This is a common embellishment for back ochos and takes a little practice to work up the speed to do it but once you do you'll find lots of places to fit it in. During back ochos, beat your free foot in front as it passes the other on the "&" count (halfway through the beat), before stepping behind into the next step. (You should feel the achilles tendon at the back of the free leg hit the lower part of the shin of the standing leg, just above the ankle.) Try not to let your legs turn-out as you do this and make sure the free foot does not sickle or flop - either point your foot or flex it but make sure it is energized.
The leader will not give you extra time to do this, he will continue moving forward so you have to be fast to get your foot in front of your standing leg and then back out again without tripping yourself up. Think of the accent being 'out!' away from the leg, instead of 'in!' towards yourself. Be careful not to stab yourself with your heel or kick the leader.
Eventually try to get it so the beating movement only happens from the knee down of the free leg and cannot be felt in the upper body. Try not to tense your muscles as you do it and remember to breathe!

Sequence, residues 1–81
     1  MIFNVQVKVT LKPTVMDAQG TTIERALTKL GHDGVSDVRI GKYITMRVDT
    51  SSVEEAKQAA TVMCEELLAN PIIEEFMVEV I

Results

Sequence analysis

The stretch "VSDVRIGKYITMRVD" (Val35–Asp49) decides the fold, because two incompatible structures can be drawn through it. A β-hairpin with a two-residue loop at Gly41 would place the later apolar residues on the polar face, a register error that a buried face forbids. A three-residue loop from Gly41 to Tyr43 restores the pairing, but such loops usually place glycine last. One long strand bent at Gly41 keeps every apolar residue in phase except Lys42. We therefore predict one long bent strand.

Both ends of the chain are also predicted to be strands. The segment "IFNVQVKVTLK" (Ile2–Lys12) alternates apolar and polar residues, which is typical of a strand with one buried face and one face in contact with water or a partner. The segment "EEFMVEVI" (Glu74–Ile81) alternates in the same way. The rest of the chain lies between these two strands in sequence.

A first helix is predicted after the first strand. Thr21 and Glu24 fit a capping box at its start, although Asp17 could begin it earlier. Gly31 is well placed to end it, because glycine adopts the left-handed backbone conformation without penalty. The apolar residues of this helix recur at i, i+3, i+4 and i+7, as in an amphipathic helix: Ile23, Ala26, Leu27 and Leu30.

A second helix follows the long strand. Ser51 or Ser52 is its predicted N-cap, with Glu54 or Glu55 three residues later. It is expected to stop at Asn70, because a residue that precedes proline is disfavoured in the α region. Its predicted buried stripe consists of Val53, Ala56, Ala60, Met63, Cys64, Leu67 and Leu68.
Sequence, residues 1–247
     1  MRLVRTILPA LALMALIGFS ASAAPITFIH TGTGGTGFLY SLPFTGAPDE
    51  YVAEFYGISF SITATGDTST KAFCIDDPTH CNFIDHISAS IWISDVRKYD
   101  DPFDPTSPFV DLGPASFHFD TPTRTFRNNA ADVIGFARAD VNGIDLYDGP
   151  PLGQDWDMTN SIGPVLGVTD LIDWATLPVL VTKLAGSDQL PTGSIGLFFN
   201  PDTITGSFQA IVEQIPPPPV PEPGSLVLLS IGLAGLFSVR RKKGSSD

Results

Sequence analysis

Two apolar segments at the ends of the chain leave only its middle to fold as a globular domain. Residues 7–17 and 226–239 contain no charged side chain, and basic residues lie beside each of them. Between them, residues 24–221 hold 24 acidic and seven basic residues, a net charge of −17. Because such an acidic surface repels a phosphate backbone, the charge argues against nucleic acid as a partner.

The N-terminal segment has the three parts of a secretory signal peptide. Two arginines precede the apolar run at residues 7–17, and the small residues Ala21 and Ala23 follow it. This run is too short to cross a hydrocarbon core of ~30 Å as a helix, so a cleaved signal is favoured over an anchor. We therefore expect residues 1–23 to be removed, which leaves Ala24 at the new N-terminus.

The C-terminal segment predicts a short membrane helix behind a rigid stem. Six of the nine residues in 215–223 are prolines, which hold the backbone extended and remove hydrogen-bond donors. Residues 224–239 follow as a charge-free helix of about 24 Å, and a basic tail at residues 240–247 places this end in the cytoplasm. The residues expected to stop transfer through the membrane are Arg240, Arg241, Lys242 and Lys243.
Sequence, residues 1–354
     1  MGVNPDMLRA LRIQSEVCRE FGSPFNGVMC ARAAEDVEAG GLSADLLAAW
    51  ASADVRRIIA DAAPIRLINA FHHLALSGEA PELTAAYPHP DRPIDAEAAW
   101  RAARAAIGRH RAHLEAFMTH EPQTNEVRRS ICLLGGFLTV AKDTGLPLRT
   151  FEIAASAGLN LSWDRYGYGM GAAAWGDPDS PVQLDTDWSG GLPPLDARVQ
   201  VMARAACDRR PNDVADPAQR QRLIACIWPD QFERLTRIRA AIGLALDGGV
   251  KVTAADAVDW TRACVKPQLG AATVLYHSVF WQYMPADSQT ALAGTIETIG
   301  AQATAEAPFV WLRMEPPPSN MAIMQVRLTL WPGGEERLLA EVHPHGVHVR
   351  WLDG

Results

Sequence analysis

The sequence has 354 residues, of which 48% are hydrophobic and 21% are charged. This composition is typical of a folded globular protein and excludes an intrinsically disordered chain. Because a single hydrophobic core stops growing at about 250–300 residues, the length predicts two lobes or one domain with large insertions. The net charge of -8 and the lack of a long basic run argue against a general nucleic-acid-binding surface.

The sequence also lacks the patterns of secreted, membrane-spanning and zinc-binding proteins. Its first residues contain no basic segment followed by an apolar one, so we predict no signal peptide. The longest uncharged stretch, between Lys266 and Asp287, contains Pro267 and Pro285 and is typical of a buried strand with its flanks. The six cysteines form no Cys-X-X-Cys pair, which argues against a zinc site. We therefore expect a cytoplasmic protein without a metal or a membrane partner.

At first you may find it easier to beat the left foot in front of the right as you have slightly more space on the open side of the embrace. Once you get good at it try not to beat on every step, but only when you hear an accent in the music.
Early tango was known as tango criollo, or simply tango. Today, there are many tango dance styles, including Argentine Tango, Uruguayan Tango, Ballroom tango (American and International styles), Finnish tango and vintage tangos. What many consider to be the authentic tango is that closest to that originally danced in Argentina and Uruguay, though other types of tango have developed into mature dances in their own right.